Take, for instance (and most spectacularly) its black level response. Quite simply it produces the deepest, richest, most natural black colour we have seen from such an affordable projector. And if you think this is unnecessarily hyperbolic, just play on it any really dark film scene, like the attack on the fort by the Black Pearl in ”Pirates of The Caribbean”, or pretty much anything from the ”Dead Space” console game, and be amazed at how profoundly black the picture gets in place of the usual grey we’d expect to find at this price point.
Even better, this superbly cinematic black effort is completely stable, since the D-ILA technology doesn’t depend on a dynamic iris continually increasing or reducing the overall image brightness level. Its 30,000:1 contrast ratio claim is a native figure, remember, not one measured dynamically.
The fact that the exceptional black levels are produced without needing to reduce overall brightness levels helps the projector deliver more shadow detail in dark areas too, which makes dark scenes look more natural and more consistent with bright scenes in terms of depth and clarity.
If the first D-ILA Wire Grid projectors had an issue, it was that they weren’t particularly bright. This issue has been much improved for the HD550, enabling it to deliver punchier pictures and drive larger screens. In fact, due to the projector’s freedom from dynamic iris technology, we’d argue that its pictures frequently look brighter than many rival projectors claiming much higher Lumens outputs.
The HD550 is also extremely talented at bringing out fine detail in HD sources, and for rendering them with exemplary – but not forced – sharpness. It’s a huge bonus, too, that the D-ILA technology doesn’t generate seemingly any motion artefacts. In fact, when there’s lots of motion going on, pictures looking pretty much as crisp and as sharp as they do when the image is largely static. At least provided you haven’t got the Clear Motion Drive set too high.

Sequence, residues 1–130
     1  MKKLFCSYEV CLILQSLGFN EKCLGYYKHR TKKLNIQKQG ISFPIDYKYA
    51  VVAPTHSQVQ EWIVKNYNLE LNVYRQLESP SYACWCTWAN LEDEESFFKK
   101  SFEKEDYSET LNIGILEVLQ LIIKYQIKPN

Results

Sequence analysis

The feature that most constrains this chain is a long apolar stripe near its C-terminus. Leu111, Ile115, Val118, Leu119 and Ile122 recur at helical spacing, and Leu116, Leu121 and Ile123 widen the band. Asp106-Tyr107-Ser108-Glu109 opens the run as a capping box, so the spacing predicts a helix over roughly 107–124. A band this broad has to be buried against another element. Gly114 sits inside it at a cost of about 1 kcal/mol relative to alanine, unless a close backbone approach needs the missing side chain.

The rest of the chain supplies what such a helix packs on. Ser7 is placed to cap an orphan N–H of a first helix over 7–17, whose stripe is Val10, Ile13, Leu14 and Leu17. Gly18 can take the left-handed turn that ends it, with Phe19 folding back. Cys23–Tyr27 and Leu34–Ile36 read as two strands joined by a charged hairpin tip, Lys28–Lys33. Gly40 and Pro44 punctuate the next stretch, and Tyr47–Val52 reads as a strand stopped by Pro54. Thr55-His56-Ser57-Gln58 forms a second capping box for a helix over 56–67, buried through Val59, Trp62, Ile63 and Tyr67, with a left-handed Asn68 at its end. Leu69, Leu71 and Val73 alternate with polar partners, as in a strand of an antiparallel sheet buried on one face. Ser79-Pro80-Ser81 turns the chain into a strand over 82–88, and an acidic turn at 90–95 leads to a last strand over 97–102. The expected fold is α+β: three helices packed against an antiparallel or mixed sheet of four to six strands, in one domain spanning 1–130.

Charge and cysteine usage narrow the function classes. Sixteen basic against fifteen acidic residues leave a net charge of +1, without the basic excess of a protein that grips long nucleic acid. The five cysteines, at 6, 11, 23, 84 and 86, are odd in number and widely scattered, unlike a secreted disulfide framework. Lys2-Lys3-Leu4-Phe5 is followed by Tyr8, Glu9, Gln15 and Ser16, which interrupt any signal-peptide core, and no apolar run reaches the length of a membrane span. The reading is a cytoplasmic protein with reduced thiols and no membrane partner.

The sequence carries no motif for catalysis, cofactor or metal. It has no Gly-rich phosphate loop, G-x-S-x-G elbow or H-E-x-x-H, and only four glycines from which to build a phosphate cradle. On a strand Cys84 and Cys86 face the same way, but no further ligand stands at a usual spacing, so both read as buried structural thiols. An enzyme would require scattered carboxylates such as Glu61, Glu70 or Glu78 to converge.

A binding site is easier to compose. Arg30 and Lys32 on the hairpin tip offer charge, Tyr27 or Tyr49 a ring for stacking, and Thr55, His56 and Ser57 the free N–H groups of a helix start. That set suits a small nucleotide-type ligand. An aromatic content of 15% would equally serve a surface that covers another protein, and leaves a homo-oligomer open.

Although we started in a negative vein concerning the HD550’s colours, we should also say that while the odd tone might not be quite accurate, the good ones look very good (believable and vibrant), and benefit from a pleasingly deft touch when rendering blends.
One final key entry in the HD550’s plus column is its running noise – or lack of it. For if you set its lamp output to Normal rather than High, it runs almost silently. JVC quotes a figure of 19dB – way lower than the sort of racket produced by many affordable projectors – and this figure appears to our ears to be entirely reasonable. Running noise does jump up quite a bit if you go for the High lamp output, but most users won’t feel this necessary unless their room has a little ambient light to contend with.
JVC’s D-ILA technology has done it again. As with almost every D-ILA Wire Grid projector before it, the HD550 sets new standards for its money. There’s still room for improvement, with JVC stubbornly refusing to give its entry-level models a couple of key features (a PC input and a colour management system) that would make them pretty much perfect for their money. But even so, if there’s a better way to spend £3k right now, we’re struggling to think of it!
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